An Alliance Forged by Fire (Preview)


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Chapter One

Carl had heard the shot before he’d seen the first Shoshone. They poured in quickly from over the foothills, painted ponies bringing them storming over the dying grass where the Rockies gave way to the Oregon territory.

But the men and women of the wagon train were quick to react, to draw and fire. They had no time to circle the attackers. But they had time to return fire, and that was just what Carl Jacobs and Leonard Smith were going to do.

Leonard had the Winchester, and he was good with it. Click, bang! Click, bang!

But Carl could spare him no time or attention. The Colts were already warm in his hands as he aimed and fired them. He lined up one shot at a passing Shoshone warrior, squeezing the trigger.


It was a miss, but a second shot caught the man in the chest. The warrior wavered on his mount, slowly falling as the pony carried him off, neither interested in the action any longer.

Bang, b-bang-bang!

The gunfight went on, with neither Carl nor Leonard having any real cover. The wagons all came to a halt, the horses skittish. But they’d be the living creatures to be killed, too valuable as prizes to be slaughtered without necessity.

Around them, the other wagons fired back, the cloud of gun smoke gathering around the defending party. Horses cried out, gun muzzles flashed. The Shoshone were good with their bows and arrows, those deadly rods flying with the thin sound of air being cut by the arrowheads, the screams of those struck.

The Shoshone could have come in with greater force, with Winchesters and Colt pistols. But they were not after a massacre. It seemed they were being selective—they wanted hostages, not just goods and horses.

They wanted women.

B-bang-bang, b-bang!

The gun battle went on. The party’s saving grace was the Indians’ care. They could have sent a barrage of flaming arrows and torched the wagons, and Carl knew that was coming. If it hadn’t been for the small size of the attacking party, not much more than a dozen, the wagon train would have been doomed.

They were a rogue pack, or they were youths needing to prove themselves to win their place in the tribe. It could be a move to take over as chief, or to establish a new tribe. Either way, they needed a win. They needed women. They needed horses and goods and wagons.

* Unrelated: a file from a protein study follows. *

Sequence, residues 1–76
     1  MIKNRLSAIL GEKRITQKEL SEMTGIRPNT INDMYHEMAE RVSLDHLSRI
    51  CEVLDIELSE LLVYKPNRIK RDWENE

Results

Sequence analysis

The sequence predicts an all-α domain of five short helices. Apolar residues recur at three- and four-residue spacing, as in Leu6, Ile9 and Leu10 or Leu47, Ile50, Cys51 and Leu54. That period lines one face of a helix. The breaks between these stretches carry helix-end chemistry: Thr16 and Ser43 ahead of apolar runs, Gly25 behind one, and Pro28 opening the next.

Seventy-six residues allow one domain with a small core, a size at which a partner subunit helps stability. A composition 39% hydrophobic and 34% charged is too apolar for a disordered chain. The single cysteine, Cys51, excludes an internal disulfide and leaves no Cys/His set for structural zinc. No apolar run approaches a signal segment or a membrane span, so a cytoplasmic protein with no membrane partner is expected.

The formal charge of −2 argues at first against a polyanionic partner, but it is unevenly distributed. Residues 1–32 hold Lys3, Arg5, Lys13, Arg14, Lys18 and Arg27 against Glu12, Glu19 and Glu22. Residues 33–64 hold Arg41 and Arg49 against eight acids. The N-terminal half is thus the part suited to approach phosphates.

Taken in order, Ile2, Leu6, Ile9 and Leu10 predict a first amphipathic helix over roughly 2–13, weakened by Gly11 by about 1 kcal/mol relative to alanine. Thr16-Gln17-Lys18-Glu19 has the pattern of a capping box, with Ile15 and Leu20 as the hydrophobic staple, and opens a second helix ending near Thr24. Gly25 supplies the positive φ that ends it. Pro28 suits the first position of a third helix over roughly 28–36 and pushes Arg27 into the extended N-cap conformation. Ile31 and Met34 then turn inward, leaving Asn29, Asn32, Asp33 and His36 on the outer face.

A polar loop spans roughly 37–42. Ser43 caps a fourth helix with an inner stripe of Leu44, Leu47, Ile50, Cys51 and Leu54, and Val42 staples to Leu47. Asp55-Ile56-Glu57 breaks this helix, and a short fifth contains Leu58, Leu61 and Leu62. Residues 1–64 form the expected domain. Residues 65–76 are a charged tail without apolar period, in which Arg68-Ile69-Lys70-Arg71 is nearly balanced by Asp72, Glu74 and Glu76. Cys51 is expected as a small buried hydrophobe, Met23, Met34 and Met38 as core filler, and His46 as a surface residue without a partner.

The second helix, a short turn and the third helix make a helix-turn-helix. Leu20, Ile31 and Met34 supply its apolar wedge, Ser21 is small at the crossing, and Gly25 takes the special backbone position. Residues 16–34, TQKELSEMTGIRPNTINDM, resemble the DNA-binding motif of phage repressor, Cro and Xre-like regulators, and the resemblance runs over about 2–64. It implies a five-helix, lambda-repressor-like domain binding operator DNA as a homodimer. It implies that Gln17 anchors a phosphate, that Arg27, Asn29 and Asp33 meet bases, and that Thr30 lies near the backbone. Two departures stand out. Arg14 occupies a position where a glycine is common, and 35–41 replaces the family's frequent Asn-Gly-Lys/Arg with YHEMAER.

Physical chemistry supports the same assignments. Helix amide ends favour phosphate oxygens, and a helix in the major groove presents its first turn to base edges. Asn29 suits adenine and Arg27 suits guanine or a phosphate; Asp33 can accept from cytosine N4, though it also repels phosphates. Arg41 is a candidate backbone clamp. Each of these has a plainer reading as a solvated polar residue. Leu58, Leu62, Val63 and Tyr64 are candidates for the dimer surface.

They needed to win.

But they must have had some desperation to attack such a big party, fifteen wagons, with such a relatively small band.

Bang-b-bang! Chk-chk-bang!

Leonard fought well from his position riding shotgun. He calmly aimed and loaded and fired, a box of shells next to him. Carl reloaded his Colts, knowing that was when he was at his most vulnerable. The bullets were slick in his palm, one dropping to the ground. His heart pounded in his chest. Until he got off the next shot, he was a sitting duck.

He filled the chamber just in time to raise the gun at a warrior riding at them from around the other side of the wagon train. It was Leonard’s side.


Leonard screamed and jutted to the side, his shoulder hitting Carl, knocking his gun out of alignment.


It was a misfire, and Leonard tried to right himself. But the rifle was slack in his hands, Carl knew instantly that he was too weak to aim and fire. Carl wasn’t too weak, and he was his friend and partner’s only chance.

He was also the next to die.

He aimed and fired again, compensating for the direction the warrior was riding, the speed of his pony. It was always best to shoot just a bit off the target. Carl overestimated the distance and shot several times, knowing the warrior would ride straight into his line of fire.


The warrior was struck, wavering on his mount before falling backward, pony riding on alone. A hot rush pulsed through Carl’s body. He’d avenged his friend, but in the corner of his eye, the results were undeniable.

There was no time to think about it, to reflect on what had happened and what was to come. He aimed and fired again, ready to kill as many Shoshone as he could before being brought down by an arrow like the one Leonard had caught.

Bodies were strewn on the foothills. The other wagons returned fire, the Shoshone riding around the defending party.


Another Shoshone went down, and Carl was unsure if his was the gun to fell him. But it hardly mattered. The remaining Shoshone pulled back and rode off, heading south, leaving the crippled party to lick its wounds.

Chances were that the Shoshone would turn and come back, hoping for another surprise attack. Carl would have to remain aware of his surroundings, to help protect the rest of the train, even as he turned to care for Leonard.

He took the rifle out of his friend’s hands and looked at Leonard’s wound. The arrow was deep in his chest, blood spreading in a black stain across his shirt. He winced and coughed, flecks of blood on his chin.

“Looks like you’ll have to make it to Oregon City on your own.”

Carl wanted to reassure him, to promise him that he’d make it. But he couldn’t. And every minute that went by was perilous, even deadly, for all of them.

Leonard looked at the arrow, a burst of tears spilling down his cheeks, spit mixing with the blood in his mouth.

“I… we should have stayed in… in Missouri.”

“No, it’s… it was worth it, Leonard.”

“Worth it? I… I’m good as dead, Carl!” More coughing threw out more blood as Leonard twitched and sagged. “No appeal for this.”

Carl tried not to cry. His friend and partner was dying with dignity, as he’d lived. Carl said, “Maybe you can take it up… with a higher authority.” He glanced up, and Leonard chuckled, wincing again in pain.